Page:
Logan woman describes surviving rock slide during fishing trip
MORGAN COUNTY – A Logan woman is struggling to recover after she nearly died in a rockslide during a fishing trip along the Weber River. On one hand, she says she’s lucky to have survived. On the other, this accident happened at the worst possible time for her.
Jenna Degraffenreid is an avid angler and was walking to one of her favorite fishing spots along the Weber River with her boyfriend, Charlie. When she stepped on a loose cluster of rocks, she could tell something was wrong.
“For whatever reason, it just gave way under me. The whole earth just started coming down with it,” she says.
Her fishing rod broke, and fly line wrapped around her as she fell all the way down into the river. Along the way, she says she could feel being smacked by rocks and boulders.
Degraffenreid says, “I don’t know if it was a boulder that hit me, or if it was something that I rolled over that was already on the ground, but I felt my pelvis and my legs snap.”
She tried to swim out of the area, but, she couldn’t move due to the pain. Plus, she was trying to avoid being hit by the rocks that fell down the mountain after her. Her boyfriend witnessed the whole thing.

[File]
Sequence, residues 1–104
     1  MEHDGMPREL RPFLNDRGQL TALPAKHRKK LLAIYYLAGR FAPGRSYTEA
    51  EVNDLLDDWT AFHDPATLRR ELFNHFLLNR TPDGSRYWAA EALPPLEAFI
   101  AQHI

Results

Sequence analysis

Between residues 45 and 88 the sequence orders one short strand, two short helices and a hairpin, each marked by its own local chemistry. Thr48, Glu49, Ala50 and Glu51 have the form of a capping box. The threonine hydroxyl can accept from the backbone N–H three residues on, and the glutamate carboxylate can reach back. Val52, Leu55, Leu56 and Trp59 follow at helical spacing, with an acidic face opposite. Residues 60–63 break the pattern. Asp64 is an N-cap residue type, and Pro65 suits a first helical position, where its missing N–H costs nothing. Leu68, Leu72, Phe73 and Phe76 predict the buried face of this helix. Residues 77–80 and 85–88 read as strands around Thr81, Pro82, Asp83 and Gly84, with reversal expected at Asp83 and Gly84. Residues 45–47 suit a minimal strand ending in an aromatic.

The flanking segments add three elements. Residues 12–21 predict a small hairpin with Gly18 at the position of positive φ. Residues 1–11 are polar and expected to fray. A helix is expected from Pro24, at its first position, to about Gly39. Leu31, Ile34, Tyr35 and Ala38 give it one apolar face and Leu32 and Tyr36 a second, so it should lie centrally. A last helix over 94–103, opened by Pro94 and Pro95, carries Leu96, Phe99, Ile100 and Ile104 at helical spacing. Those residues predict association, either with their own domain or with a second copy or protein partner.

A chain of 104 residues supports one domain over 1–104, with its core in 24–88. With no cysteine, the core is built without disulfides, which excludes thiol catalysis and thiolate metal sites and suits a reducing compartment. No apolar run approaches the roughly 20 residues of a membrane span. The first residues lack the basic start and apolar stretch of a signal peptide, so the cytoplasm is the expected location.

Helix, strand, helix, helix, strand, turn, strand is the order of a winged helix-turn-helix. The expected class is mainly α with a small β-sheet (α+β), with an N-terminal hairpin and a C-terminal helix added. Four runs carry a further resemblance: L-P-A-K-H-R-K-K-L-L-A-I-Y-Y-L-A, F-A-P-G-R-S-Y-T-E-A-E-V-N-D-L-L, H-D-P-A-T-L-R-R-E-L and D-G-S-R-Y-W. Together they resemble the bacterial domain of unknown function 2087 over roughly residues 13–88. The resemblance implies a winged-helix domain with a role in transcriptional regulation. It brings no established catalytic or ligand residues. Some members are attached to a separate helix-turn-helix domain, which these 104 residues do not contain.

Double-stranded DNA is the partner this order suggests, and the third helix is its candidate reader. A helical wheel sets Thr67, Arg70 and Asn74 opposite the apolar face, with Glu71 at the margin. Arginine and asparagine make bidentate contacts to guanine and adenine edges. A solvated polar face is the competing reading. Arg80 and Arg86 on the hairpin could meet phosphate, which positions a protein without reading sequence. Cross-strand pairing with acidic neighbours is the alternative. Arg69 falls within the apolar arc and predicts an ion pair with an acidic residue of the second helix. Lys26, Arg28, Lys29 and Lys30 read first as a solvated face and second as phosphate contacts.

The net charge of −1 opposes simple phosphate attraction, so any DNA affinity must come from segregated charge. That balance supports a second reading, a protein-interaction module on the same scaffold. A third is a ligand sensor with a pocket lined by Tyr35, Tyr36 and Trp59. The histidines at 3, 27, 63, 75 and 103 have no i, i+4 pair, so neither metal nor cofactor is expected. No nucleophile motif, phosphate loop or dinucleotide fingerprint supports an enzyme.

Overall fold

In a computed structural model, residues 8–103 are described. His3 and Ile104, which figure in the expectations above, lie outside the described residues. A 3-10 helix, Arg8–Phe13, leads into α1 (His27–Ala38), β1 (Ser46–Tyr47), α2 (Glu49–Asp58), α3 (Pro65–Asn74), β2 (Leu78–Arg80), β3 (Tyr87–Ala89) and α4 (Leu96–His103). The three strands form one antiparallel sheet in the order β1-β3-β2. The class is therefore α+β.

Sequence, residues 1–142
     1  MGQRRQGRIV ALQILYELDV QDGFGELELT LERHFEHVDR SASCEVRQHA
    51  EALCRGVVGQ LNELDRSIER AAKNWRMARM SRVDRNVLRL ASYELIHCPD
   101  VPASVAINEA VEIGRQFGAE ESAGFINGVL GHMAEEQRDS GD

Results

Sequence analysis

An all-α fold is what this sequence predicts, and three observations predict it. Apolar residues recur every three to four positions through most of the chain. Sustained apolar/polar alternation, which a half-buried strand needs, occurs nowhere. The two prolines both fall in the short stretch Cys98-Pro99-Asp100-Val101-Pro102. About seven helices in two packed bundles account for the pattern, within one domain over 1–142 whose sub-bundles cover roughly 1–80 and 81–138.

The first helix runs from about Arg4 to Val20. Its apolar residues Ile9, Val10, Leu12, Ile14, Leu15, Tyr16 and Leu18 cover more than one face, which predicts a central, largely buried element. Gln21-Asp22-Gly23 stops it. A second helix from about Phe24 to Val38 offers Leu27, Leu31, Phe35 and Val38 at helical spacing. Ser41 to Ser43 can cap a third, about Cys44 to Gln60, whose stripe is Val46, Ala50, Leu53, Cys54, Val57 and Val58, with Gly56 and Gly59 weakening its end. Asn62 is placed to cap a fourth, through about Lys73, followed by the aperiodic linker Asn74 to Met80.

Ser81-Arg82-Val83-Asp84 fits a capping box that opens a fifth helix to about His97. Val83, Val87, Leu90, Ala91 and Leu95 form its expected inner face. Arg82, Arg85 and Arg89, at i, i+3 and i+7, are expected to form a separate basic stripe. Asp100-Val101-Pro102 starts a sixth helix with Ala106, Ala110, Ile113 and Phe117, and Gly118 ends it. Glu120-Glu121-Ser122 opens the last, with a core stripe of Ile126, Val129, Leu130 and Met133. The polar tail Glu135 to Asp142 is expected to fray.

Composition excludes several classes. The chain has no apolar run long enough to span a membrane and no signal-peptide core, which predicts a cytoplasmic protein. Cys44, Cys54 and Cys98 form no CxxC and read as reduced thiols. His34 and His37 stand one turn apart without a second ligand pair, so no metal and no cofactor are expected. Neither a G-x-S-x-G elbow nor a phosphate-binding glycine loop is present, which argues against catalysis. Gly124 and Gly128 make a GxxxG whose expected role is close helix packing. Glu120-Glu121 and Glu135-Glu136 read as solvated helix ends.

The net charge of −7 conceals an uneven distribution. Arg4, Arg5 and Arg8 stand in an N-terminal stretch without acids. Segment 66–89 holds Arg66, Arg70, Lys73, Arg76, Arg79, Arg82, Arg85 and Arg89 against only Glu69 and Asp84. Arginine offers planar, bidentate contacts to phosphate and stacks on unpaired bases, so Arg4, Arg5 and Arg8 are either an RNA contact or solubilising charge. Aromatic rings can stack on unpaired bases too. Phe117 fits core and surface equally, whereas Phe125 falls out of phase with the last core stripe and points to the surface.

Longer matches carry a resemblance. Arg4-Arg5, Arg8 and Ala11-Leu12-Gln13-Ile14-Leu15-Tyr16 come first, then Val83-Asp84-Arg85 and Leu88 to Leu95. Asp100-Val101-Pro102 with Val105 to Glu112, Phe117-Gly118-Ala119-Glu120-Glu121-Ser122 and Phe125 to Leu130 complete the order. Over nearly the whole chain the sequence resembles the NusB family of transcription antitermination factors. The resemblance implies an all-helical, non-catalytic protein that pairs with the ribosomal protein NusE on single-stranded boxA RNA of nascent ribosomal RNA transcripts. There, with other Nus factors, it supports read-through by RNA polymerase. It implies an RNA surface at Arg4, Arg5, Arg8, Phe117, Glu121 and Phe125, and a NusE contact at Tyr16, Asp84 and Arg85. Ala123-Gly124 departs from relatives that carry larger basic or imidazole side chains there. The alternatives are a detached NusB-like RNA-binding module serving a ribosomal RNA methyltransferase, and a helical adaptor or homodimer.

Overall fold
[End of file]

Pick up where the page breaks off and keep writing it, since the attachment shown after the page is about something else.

“I could hear Charlie screaming up there for me,” she says, adding, “They saw the rockslide and they both thought I was dead. He couldn’t see me all the way down at the bottom of the river and he was expecting to come down to a dead body in the river.”
The biggest danger was a 15-foot boulder that rolled down after she did, and was racing right toward her. However, she says the boulder unexpectedly stopped at the riverbanks.
“The boulder should have, at the speed it was going, just plowed right into me,” Degraffenried says.
Charlie told his father to call 911, and Degraffenreid says it took medics a long time to find them. She was in such searing pain, they decided to keep her in the cold water to ease her suffering. She says she could see through her ripped waders that her legs were disfigured. She was sent to a hospital in Ogden, but was transferred to a specialist at the University of Utah.
Degraffenreid is in a wheelchair for the next eight weeks, with rods and screws holding her pelvis together. She also had a shattered tailbone, a split kneecap and cuts and bruises on her face. She says Charlie has been a major source of support for her.
“He actually asked me to marry him after the injury,” Degraffenreid says.
Even though she feels lucky to be alive, she is looking at major financial trouble because of the accident. She lost her insurance after she quit her job since she and Charlie were going to move to Anchorage, Alaska. Her aunt has set up a GoFundMe account to help her deal with expenses.
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